Story & photos by Ian Guerin
Step for step, yard for yard, a measuring tape is going to back up Long Bay Golf Club’s scorecard distances from start to finish.
If only it was that simple.
Elevation differences around the greens and fairways, extensive use of waste and pot bunkers and some well-placed water, though, give Long Bay’s regulars an advantage over first-timers. This Myrtle Beach golf course will play longer on the majority of its holes, with or without the added wind of the relatively open landscape around it.
So while the card may read 7,025 yards from the blacks, 6,209 from the whites and even 4,944 from the reds, the members here know this course as one that routinely forces at least one club length more than usual.
It’s only one test Long Bay.
The par-72 course will push players of all abilities, using variety throughout the course to make its own staff question which hole can be considered the signature.
No. 1, a 377-yard par 4, kicks off the round with a fish hook-shaped fairway. Three holes later, it’s a skinny par 4, this one squeezed by parallel waste bunkers on either side of the fairway. A recently re-built par 3 on No. 8 will strongly penalize any shot that isn’t on target.
Other spots players should keep an eye out for: The seahorse-shaped bunker surrounding three sides of a small green on the par-5 No. 11, the island green on the par-3 No. 13, and No. 18’s small dogleg around a small pond.
Players who navigate those problems can find scoring opportunities on an impressive course. It makes the short drive from the heart of Myrtle Beach worth it, especially considering the low traffic rate accompanying its location in Longs.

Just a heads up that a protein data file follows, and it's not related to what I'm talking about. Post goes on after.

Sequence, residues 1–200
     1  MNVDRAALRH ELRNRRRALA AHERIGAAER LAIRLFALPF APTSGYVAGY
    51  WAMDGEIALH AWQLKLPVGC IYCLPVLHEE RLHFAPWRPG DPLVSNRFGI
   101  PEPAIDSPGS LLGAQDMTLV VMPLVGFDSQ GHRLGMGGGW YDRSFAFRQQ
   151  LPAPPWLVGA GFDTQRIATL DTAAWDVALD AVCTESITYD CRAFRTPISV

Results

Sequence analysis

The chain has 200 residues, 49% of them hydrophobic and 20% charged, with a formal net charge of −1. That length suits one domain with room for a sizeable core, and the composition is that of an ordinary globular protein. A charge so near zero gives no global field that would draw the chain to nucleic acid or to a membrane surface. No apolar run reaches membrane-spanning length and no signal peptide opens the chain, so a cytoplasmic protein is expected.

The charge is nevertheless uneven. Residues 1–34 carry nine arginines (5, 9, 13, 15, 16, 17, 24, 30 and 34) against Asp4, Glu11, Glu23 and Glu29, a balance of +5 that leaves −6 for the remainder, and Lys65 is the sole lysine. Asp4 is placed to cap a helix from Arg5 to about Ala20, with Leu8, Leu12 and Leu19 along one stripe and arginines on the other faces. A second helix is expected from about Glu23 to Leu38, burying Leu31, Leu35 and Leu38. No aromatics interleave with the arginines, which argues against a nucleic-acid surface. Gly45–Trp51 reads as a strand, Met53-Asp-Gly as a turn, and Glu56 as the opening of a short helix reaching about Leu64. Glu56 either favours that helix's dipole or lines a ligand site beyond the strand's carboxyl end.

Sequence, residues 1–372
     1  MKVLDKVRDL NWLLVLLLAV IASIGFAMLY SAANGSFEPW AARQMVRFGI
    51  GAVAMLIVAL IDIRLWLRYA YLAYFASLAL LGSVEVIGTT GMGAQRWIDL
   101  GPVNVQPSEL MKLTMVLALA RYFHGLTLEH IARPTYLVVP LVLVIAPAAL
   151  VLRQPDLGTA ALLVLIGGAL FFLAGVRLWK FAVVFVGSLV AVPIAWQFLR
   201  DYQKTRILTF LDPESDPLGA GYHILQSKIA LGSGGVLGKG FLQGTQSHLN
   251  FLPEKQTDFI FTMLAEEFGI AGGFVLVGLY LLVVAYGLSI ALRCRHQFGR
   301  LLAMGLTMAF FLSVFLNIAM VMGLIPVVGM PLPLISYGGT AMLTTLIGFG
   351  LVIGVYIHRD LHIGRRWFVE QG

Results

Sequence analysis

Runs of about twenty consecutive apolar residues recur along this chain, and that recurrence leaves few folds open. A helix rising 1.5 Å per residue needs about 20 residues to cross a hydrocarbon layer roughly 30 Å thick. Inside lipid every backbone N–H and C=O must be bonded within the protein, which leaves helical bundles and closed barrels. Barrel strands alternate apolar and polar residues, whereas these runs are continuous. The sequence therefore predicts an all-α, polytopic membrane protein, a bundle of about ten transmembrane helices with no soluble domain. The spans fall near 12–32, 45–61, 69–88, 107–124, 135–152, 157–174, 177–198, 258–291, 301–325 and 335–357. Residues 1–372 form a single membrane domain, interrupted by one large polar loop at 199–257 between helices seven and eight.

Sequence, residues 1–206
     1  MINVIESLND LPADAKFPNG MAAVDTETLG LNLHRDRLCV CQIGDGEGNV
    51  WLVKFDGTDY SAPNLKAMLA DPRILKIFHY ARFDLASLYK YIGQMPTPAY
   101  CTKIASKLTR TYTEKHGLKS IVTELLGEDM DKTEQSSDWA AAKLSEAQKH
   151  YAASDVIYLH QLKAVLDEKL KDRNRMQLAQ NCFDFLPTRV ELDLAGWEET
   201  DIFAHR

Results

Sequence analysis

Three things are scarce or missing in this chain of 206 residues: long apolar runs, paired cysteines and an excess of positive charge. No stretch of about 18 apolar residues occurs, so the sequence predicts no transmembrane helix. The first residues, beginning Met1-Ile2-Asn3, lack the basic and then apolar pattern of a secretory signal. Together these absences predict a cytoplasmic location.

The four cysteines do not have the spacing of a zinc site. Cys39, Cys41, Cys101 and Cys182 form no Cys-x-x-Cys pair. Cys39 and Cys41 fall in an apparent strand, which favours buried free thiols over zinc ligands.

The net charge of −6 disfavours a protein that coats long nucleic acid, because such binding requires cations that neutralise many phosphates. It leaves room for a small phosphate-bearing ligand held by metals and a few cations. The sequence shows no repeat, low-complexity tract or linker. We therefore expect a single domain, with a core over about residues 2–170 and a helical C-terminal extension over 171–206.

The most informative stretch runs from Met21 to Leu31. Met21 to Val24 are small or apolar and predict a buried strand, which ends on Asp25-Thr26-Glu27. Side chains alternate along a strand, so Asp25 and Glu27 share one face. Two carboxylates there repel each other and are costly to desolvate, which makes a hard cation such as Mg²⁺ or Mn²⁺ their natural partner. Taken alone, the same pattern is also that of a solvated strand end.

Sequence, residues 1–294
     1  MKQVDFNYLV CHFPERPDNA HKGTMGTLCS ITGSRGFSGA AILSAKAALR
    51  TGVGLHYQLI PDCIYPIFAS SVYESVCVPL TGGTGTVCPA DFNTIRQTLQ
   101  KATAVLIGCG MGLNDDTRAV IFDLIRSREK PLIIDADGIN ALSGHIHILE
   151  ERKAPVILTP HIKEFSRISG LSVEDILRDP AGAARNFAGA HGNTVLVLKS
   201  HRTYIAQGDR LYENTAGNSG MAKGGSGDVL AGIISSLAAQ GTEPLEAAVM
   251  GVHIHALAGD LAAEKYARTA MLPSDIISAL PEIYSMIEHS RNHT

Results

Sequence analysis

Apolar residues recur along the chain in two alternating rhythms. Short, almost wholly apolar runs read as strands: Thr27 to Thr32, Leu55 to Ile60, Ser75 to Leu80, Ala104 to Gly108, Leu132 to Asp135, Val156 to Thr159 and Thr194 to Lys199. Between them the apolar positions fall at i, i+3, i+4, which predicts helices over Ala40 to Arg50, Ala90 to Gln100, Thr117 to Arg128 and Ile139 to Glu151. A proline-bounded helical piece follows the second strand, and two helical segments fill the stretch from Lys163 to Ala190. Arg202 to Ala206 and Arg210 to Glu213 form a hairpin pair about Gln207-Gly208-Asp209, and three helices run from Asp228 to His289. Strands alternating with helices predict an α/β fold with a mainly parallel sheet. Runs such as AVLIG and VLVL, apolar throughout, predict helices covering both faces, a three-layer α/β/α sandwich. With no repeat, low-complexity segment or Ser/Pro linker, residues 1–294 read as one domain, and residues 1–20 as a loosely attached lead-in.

No. 10 a Visual Masterpiece
Unless seen from an aerial view, most players don’t know exactly what they’re getting into when approaching the tee box on the par-4 No. 10 at Long Bay.
That’s part of the reason the club amended the front of the scorecard to reflect this hole and this hole alone.
Only a straight tee shot here will keep an opening shot out of trouble, primarily from the waste single waste bunker that rides nearly the entirety of both sides of the fairway before coming together just short of the green. On the approach, players are asked to avoid the bunker once more to reach an elevated green maintained left of center. It’s not the hardest hole on the course – not even close – but it possibly Long Bay’s most memorable. – Ian Guerin